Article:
Areas of South Los Angeles will be receiving a badly needed facelift. Los Angeles Mayor Antonio Villaraigosa, flanked by City Council members Bernard Parks (Eighth District), Jan Perry (Ninth District), Herb Wesson (Tenth District) and Janice Hahn (Fifteenth District), announced that the South Los Angeles Initiatives will increase affordable housing, improve and expand retail opportunities, create new jobs, and improve the education system.
“Today, united City Hall unveils a comprehensive agenda for how we can turn around South Los Angeles, project by project,” Villaraigosa said. “This five year strategic plan sets the bar high. It sets clear targets and measures for the progress of projects in ten initiative areas that will make our communities stronger. Every initiative has goals and timetables, with people specifically assigned to and responsible for meeting these initiatives. From creating good jobs and better housing to improving business and quality of life. The Council and I believe that we can no longer sit back in this time of hardship and we’re ready to push through together.”
Unemployment among African Americans in South Los Angeles is near 11%. To address that problem the South Los Angeles Initiatives proposes new business developments. Construction positions will be open to African Americans to build these new developments, and new jobs will be available in the new retail stores.
The Wattstar Theatre is one of the proposed developments, which would bring a four-screen movie theater to the Watts. The development will also have on site training for residents who desire to have careers in the entertainment industries.
The initiative has a goal to move low-wage, low-skill workers into living wage jobs by increasing educational, workforce training, and placement opportunities for South Los Angeles residents, while meeting the needs of the Los Angeles Business Community.
The First Source Hiring Ordinance will be utilized. The ordinance covers Los Angeles City personal service contracts to connect South Los Angeles residents to Los Angeles City contractor’s jobs.
Los Angeles City Works will continue to expand departmental hiring opportunities with a focus on South Los Angeles residents, through entry-level vocational worker programs in all departments.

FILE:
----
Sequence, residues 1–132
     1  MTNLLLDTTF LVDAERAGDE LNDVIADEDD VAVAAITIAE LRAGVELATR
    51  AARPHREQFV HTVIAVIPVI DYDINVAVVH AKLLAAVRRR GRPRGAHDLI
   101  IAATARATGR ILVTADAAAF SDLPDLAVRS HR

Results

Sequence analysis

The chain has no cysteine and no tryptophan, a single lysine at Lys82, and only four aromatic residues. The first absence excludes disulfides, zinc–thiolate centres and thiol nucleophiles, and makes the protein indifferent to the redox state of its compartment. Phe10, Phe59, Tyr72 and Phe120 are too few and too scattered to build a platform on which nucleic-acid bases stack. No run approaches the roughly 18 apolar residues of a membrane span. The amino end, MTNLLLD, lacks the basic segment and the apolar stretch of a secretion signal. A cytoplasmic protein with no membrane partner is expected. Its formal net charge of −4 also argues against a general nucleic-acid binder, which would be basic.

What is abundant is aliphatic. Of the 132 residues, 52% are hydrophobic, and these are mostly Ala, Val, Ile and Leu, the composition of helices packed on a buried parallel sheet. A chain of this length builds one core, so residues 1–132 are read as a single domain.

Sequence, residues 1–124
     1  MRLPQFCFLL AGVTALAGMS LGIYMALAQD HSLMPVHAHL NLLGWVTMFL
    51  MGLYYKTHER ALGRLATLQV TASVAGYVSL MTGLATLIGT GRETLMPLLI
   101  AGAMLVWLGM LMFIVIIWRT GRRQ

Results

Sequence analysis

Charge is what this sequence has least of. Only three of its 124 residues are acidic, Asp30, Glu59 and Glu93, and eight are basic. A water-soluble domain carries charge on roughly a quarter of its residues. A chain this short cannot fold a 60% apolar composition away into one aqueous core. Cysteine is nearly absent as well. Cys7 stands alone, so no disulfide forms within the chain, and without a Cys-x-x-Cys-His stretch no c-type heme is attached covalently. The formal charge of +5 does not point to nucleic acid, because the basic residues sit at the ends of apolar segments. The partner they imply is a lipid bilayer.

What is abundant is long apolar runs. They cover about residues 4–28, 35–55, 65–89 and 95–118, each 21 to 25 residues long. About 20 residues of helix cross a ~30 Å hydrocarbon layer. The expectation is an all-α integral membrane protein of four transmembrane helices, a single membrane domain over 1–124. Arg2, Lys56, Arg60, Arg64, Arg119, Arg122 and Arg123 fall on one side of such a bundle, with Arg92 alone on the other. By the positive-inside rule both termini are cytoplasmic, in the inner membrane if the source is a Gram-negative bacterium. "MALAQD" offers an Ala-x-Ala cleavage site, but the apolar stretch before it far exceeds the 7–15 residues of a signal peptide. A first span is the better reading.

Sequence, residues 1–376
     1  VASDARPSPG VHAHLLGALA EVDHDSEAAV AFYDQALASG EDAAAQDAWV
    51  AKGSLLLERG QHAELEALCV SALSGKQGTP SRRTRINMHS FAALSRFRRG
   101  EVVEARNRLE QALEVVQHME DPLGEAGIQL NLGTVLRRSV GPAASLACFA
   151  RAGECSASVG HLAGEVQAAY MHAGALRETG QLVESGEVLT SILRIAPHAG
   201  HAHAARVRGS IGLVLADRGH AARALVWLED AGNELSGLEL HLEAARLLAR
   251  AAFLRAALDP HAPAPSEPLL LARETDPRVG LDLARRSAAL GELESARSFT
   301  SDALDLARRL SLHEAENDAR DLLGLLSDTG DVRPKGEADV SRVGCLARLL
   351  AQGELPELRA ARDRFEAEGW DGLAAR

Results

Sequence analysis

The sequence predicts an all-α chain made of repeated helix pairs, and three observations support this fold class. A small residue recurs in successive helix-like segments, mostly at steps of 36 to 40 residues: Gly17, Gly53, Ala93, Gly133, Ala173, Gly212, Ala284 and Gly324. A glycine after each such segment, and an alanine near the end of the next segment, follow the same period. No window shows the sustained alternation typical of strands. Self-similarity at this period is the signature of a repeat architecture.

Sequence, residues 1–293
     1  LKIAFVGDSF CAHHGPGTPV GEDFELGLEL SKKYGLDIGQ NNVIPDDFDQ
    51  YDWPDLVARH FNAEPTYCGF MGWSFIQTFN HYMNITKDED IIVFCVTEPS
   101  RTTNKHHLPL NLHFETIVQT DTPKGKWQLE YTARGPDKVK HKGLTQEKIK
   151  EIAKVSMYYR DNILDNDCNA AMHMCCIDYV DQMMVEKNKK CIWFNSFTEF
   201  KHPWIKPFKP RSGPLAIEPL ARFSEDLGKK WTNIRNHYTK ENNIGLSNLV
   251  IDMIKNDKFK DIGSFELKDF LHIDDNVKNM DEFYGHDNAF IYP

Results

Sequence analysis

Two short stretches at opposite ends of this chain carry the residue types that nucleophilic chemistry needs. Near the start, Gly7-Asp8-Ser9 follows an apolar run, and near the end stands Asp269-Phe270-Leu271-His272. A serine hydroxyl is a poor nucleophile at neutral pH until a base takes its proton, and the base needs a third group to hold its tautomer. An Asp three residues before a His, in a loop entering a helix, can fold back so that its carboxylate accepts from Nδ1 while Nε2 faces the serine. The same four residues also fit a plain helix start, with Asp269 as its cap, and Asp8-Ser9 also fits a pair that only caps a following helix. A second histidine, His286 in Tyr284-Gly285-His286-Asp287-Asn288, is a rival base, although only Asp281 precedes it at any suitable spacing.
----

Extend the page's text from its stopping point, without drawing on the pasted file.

The initiatives will support demand-driven workforce training programs that connect South Los Angeles residents to living wage jobs with career paths, especially in health care, construction, utilities, financial services, logistics, entertainment, and hospitality.
The range of summer job opportunities for youth will be expanded, as well as after school training programs.
Other developments include: Midtown Crossing, a retail center at Pico and San Vicente. Crenshaw Gateway, a mixed-use project at Adams and Crenshaw. Martin Luther King, Jr. Shopping Center, a 100,000 square foot shopping center at 103rd St. and Grand Ave. Broadway/Manchester, a 19,000 square foot shopping center at Broadway and Manchester. Vermont/Manchester Shopping Center, a proposed 100,000 square foot shopping center at 84th Street and Vermont Avenue. Improve the Baldwin Hills/Crenshaw Mall. Figueroa Corridor. From the Santa Monica Freeway to King Boulevard, there will be mixed use projects. Vermont Corridor. From the Santa Monica Freeway to King Boulevard, there will be mixed use projects. Central Village, a 46,000 square foot retail center at 2000 S. Central Avenue. Slauson Central Retail Plaza, an 80,000 square foot retail center. Hoover/Manchester (Bethany Square). New construction of a mixed-use commercial/residential project consisting of five sites along Hoover Street and Manchester Avenue. 54th/Crenshaw. New construction of mixed-use project with approximately 150 residential condominiums above approximately 18,000 square of ground floor retail.
Marlton Square is included in the in the South Los Angeles Initiatives, but at press time the project is on hold. Lee Homes and Chris Hammons are still going through litigations to determine the future of the property.
Councilman Parks has directed the Community Reinvestment Assistance Group (CRA) to use $26 million to purchase portions of the property.
“We hope that the $26 million will allow us to purchase the property, give us site control, and bring this to a conclusion,” Parks said.
Parks points out that if they do not have site control, another group could purchase the property, which would mean a new developer, and the problem could start all over again.